Music Festival Unveils Diverse Lineup

Each year, the Art+ Foundation’s annual Western classical music festival presents old favorites alongside less common, if not esoteric, pieces of music.

But in addition to purely musical considerations, the development of the festival’s program is also dictated by behind-the-scene deliberations that reflect the difficulties of staging such an event in Cambodia. These range from the international and Cambodian musicians available that week to the impossibility of transporting a piano to a certain venue, according to festival director Anton Isselhardt.

The program for the 11th Phnom Penh International Music Festival, announced at a press conference on Friday, reflects all this.

The theme of the festival is “European and Asian Mythology in Music,” and the locations are as varied as the large venue at Hotel InterContinental, where the festival will open on November 13 and end on November 17, and a more intimate location in Meta House, where there will be performances on November 14 and 16. There will also be the romantic setting of the St. Joseph Chapel where, on November 15, opera singers will present Gregorian chant with the first work performed being 900 years old.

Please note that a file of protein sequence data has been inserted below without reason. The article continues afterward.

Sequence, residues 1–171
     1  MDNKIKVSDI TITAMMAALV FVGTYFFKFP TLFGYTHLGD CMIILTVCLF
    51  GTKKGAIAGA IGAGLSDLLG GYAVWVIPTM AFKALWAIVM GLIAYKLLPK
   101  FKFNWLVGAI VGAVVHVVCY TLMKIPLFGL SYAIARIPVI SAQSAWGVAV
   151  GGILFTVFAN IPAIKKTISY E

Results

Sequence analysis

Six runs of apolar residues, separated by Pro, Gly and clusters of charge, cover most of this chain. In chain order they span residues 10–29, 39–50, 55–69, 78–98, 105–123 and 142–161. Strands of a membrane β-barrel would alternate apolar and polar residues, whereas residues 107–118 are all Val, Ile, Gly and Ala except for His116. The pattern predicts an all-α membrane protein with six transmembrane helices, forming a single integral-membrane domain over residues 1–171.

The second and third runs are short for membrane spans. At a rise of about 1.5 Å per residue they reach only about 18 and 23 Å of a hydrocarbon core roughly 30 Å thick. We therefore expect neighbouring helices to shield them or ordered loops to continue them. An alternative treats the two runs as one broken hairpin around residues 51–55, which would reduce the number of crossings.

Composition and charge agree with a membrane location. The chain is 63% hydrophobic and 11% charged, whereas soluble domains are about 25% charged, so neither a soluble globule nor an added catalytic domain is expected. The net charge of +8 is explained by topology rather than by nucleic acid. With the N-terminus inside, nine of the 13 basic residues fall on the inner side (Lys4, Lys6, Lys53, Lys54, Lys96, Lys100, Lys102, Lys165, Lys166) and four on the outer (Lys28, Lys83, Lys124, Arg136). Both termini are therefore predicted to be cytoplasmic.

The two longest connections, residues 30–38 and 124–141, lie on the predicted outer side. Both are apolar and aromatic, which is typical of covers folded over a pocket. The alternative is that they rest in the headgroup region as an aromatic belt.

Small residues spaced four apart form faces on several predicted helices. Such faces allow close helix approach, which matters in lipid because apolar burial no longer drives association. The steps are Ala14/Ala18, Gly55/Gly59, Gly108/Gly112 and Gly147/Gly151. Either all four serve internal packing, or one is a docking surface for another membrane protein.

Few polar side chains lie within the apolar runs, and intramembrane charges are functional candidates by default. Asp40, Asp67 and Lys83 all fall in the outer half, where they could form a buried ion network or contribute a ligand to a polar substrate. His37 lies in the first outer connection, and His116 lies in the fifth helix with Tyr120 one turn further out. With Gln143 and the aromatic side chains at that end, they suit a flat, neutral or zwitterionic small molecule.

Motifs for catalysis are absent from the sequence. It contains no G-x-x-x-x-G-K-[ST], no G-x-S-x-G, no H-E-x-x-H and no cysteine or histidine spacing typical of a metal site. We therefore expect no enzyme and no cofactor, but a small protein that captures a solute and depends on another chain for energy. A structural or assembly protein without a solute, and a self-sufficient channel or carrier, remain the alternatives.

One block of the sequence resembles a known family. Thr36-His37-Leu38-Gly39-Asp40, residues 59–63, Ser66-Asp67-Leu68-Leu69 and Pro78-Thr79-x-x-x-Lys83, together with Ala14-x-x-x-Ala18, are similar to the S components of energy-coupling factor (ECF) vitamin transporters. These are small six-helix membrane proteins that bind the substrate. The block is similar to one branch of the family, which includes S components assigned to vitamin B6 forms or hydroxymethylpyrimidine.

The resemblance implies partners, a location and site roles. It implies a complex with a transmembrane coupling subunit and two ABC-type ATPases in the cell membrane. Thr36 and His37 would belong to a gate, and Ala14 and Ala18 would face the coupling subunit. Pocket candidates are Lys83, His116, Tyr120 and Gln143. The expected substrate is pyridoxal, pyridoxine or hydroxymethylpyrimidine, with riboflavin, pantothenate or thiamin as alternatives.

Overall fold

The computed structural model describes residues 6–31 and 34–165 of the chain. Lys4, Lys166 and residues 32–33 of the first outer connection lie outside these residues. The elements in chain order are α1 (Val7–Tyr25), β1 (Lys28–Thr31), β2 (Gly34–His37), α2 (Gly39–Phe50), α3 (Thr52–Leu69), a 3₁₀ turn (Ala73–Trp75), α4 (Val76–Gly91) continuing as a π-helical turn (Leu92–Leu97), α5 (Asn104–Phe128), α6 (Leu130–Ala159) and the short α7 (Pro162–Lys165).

Some compositions may intrigue musicians as well as the audience. For example, Cambodian pianist Rong Sereyvann will interpret Erik Satie’s 1917 “Sonatine bureaucratique,” or bureaucratic sonatina. In a 20th century piece like this one, Mr. Sereyvann said, “The color of music is different [and so is] the harmony, the feeling.”

For the third consecutive year, the Art+ Foundation’s program has included monthly concerts starting in January and leading up to the festival in November. This month’s concert is taking place Sunday at 8 p.m. at Meta House, and will feature Matthias Krug on violin, Mr. Isselhardt on flute and Aree Kunapongkul on piano.

These monthly events aim to make Western classical music more present in the city, said Gabi Faja, a pianist whose The Piano Shop has sponsored the series this year. Perhaps more importantly, he added, the concerts give young Cambodians the opportunity to discover classical music.

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